Waterkampioen watersport magazine

Good seamanship and liability.

On the road we call them right of way rules, but on the water we talk about swerve rules. You must do everything you can to avoid a collision. Good seamanship is what it’s called. Just as there are rules for road traffic (the Road Traffic Act), on the water we must adhere to the rules laid down in the Inland Waterways Police Regulations (Bpr) to prevent damage. If you don’t keep to them, in principle you are liable. And vice versa: if I do everything by the book, am I covered? Well, no! In contrast to road traffic, there is a very important, so-called open standard on the water: good seamanship. This is laid down in the Bpr in Articles 1.04 and 1.05.

Precautions (Art. 1.04)

“The skipper must, even in the absence of explicit regulations in these regulations, take all precautions that are required by good seamanship or by the circumstances in which the vessel or convoy is located, in order to avoid in particular: endangering the lives of persons; causing damage to other vessels or floating objects, or to banks or to works and facilities of any kind located in the waterway or on its banks; endangering the safety or smooth operation of navigation.”

Deviation from the regulations (Art. 1.05)

“The skipper must deviate from the provisions of these regulations in the interest of safety or the smooth running of navigation (…) according to good seamanship.”

If you follow the rules, good seamanship will usually be present. But even if you know the basic deviation rules – such as wind gives way to lee; engine gives way to muscle gives way to sail – more importantly, you may have the right of way, but you should never take it.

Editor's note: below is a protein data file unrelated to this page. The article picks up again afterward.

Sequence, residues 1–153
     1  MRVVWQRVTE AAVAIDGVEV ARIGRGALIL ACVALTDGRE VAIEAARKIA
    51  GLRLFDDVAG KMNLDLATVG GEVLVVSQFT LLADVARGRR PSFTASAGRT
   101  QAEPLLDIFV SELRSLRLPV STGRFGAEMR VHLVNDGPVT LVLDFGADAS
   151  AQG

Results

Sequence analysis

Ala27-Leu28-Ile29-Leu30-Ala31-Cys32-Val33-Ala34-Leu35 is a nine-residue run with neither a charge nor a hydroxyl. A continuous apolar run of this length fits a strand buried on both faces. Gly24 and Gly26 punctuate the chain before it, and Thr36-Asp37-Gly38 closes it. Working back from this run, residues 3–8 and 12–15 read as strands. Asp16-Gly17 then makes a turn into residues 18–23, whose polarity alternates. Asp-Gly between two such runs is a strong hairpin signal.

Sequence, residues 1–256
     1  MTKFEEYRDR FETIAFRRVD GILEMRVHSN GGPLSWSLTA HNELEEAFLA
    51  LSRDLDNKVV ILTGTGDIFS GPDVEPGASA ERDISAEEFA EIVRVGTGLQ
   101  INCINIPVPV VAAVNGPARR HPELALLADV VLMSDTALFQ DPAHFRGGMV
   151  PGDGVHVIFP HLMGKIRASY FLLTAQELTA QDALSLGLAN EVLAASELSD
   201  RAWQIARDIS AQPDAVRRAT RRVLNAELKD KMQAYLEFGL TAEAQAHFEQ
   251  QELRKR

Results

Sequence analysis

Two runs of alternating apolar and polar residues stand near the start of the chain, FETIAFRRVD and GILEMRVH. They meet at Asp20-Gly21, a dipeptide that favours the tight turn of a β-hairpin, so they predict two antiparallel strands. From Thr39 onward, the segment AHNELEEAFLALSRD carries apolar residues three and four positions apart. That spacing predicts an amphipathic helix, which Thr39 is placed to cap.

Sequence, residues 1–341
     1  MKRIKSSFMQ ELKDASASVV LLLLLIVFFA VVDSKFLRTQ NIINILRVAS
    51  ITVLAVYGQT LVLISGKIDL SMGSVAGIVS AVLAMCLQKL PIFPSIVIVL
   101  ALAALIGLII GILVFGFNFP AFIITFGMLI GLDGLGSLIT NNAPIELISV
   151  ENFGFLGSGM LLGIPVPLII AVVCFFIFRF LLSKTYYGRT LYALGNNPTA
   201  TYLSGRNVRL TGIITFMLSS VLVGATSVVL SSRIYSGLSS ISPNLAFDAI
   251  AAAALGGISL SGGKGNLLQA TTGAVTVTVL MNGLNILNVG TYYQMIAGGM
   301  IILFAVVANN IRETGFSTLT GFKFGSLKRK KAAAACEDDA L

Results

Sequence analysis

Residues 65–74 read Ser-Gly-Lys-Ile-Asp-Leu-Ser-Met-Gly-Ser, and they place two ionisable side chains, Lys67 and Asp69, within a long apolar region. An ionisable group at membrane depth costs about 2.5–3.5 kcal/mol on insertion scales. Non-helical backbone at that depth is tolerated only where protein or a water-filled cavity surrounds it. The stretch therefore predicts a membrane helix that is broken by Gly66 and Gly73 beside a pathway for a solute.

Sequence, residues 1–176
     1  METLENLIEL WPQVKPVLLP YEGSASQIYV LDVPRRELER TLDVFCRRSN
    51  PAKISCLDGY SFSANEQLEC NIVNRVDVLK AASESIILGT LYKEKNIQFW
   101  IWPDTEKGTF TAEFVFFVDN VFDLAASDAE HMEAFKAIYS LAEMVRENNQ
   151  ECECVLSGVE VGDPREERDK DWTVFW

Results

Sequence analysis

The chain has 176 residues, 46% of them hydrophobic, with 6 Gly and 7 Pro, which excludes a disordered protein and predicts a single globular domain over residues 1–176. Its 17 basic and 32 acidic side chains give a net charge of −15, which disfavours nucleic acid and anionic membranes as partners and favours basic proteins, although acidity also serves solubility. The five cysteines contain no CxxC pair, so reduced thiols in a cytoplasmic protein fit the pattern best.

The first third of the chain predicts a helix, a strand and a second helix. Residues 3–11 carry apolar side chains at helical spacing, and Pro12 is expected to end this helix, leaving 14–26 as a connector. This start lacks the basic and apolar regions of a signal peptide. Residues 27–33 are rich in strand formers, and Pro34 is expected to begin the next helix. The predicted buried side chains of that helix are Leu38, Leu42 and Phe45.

Good seamanship also means that you don’t want to get into a “last minute” situation.

Looking out and assessing what other water users are doing can prevent many annoyances. Sometimes you can prevent a “just not” situation by just jerking up, slowing down or accelerating. In fact, you are a good sailor when you do not let it come to the line!

Crossing ships

The rules for taking evasive action are particularly important for intersecting vessels. A classic example:

One ship is sailing on the starboard bank of the main waterway and another ship is coming from the starboard side of a branch waterway. The main rule is clear: the ship that is sailing on the starboard bank has right of way over intersecting ships. But perhaps the skipper does not know the rules or has not looked at the chart? Here, the ship that has right of way may be expected to take measures to avoid a collision. Failure to do so certainly does not mean that all damage will be borne by the crossing ship.

A striking example is a recent collision near Terneuzen. The traffic centre had informed both ships of the presence of another ship on a crossing course, but neither took up VHF radio contact with the other.

Although one ship had made a mistake in failing to give way, the court ruled that the ship that took way was also jointly liable for the damage in a 75-25 percent split. Just a few other considerations from decisions of the Dutch Maritime Court: “Keeping track of positions is a matter of good seamanship”, “There was no question of voyage preparation” and “The changes of course at this stage do not appear to have been dictated by good seamanship.” And the speedboat skipper who did not take into account that his stern wave could cause problems for another vessel was also held liable.

Also, in sailing competitions, always pay attention to what the race rules say. In almost all races on public waters that are not exclusively demarcated, the Bpr remains in force. So you will always have to apply good seamanship, even though it might cost you a place or even victory.

More information or download old articles: https://www.anwb.nl/kampioen/algemeen/digitaal-archief


Frits Hommersom met groene bril

"You have the right to a lawyer who tells it like it is!"

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